Cerebrovascular disease and sleep.

Abstract

Sleep is a function of the brain and sleep affects brain function, contributing to cerebral pathology through a diversity of direct and indirect mechanisms. Sleep-disordered breathing (SDB) is a very common disorder and is the major sleep-related risk factor for cerebrovascular disease. Epidemiologic studies have shown a dose-response relationship between the severity of SDB and the odds ratio for development of systemic hypertension. Following stroke, both in the acute and chronic stages, patients have a high prevalence of SDB that reduces the potential for rehabilitation, further increases the risk of secondary stroke, and heightens mortality. There is proof that successful correction of SDB with noninvasive positive airway pressure ventilation lowers mean blood pressure. In patients with advanced SDB, altered cerebral evoked potentials are not corrected with applications of noninvasive ventilation, suggesting permanent cerebral structural damage. This is supported by reports of increased leukoaraiosis in patients with advanced SDB. Circadian changes during sleep may increase the risk of both cardiovascular and cerebrovascular accidents.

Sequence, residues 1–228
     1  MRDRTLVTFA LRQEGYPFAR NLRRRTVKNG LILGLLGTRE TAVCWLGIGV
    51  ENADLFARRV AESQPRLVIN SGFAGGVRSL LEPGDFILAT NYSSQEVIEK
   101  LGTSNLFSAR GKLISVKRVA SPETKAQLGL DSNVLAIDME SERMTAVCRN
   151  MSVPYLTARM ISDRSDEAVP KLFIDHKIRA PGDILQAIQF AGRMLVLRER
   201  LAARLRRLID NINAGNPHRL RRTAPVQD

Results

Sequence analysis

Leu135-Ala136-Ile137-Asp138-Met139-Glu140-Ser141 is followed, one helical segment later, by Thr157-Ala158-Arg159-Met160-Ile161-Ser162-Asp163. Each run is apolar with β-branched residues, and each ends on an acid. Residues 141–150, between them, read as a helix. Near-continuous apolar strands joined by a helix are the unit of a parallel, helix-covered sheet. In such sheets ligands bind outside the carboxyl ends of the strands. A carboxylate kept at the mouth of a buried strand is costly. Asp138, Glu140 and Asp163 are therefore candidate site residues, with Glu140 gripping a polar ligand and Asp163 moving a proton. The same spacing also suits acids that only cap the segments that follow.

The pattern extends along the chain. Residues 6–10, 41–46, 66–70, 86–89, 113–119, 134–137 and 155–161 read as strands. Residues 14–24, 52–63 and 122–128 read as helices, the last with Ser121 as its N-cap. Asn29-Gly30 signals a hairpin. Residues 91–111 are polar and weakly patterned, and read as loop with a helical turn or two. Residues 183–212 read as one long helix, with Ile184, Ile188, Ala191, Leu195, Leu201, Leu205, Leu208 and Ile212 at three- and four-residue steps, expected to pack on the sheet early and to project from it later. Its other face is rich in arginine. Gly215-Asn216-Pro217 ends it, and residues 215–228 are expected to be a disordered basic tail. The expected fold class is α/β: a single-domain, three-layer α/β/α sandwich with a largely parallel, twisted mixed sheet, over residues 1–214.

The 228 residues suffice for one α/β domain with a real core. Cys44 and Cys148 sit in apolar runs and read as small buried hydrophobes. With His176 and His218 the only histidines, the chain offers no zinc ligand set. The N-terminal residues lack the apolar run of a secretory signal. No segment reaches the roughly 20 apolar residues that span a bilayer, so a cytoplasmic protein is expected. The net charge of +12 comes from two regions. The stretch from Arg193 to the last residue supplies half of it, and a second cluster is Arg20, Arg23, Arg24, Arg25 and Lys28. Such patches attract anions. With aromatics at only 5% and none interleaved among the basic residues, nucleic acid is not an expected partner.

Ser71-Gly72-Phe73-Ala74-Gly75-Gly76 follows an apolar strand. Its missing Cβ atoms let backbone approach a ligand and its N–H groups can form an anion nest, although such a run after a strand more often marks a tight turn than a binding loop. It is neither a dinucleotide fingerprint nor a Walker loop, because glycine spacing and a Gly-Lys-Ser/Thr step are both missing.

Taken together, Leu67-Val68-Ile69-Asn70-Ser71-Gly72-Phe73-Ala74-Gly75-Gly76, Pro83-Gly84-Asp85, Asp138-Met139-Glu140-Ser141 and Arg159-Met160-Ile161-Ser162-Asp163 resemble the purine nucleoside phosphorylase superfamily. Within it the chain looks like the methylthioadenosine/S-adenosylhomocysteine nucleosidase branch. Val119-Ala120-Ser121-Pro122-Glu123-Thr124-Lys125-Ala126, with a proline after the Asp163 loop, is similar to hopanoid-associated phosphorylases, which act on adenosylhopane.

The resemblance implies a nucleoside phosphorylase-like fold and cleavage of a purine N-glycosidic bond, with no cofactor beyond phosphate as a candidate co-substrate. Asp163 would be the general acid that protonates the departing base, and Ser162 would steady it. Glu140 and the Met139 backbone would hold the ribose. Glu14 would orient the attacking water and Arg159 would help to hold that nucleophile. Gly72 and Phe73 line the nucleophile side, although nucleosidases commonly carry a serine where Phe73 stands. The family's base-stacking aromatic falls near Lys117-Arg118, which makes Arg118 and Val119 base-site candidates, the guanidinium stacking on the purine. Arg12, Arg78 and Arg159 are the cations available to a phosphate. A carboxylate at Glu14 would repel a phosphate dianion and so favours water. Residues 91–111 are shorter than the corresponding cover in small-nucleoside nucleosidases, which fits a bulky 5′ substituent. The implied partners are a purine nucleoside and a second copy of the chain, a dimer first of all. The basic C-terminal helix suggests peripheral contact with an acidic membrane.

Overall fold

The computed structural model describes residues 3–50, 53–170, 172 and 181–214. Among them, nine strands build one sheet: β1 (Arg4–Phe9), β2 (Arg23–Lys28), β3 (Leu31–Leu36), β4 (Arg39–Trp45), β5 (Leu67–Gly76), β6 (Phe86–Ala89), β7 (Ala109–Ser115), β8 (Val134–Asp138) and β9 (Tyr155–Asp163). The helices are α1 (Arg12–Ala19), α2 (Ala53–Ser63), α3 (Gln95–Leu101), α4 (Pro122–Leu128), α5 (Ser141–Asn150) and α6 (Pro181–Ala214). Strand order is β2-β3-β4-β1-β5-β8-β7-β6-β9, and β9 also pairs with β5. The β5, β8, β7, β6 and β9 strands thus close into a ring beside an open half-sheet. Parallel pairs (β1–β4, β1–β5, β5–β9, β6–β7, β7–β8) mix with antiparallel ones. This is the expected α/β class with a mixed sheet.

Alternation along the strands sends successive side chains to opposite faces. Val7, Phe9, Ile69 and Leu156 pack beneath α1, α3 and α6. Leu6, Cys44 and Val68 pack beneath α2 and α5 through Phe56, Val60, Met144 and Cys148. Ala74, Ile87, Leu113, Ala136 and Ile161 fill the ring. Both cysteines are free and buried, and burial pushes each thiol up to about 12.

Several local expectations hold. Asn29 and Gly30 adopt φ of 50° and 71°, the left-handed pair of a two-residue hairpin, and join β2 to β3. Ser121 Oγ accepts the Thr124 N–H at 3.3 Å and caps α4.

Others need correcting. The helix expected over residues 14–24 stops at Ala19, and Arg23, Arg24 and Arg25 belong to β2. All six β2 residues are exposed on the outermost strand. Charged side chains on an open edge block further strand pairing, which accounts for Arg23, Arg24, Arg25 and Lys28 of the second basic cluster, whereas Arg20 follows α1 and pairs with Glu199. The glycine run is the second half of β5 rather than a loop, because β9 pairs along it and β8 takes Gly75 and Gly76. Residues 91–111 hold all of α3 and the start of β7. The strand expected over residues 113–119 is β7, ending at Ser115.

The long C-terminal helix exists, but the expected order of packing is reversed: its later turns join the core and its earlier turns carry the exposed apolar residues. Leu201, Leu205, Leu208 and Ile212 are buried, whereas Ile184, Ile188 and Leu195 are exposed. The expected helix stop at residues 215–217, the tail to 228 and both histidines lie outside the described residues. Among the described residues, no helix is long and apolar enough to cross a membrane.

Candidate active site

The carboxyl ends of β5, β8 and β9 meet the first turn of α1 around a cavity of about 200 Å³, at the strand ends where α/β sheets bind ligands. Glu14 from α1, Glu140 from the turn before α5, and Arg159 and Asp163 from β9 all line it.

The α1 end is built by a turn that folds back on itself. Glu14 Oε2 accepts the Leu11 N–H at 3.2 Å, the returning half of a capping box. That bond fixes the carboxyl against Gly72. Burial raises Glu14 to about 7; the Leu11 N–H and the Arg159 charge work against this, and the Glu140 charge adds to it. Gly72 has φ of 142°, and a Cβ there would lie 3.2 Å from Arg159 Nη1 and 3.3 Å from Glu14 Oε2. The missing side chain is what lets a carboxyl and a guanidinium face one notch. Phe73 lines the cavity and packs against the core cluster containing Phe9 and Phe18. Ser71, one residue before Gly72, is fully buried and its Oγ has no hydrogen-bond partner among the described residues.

Cite this paper

@article{Culebras2004CerebrovascularDA, title={Cerebrovascular disease and sleep.}, author={Antonio Culebras}, journal={Current neurology and neuroscience reports}, year={2004}, volume={4 2}, pages={164-9} }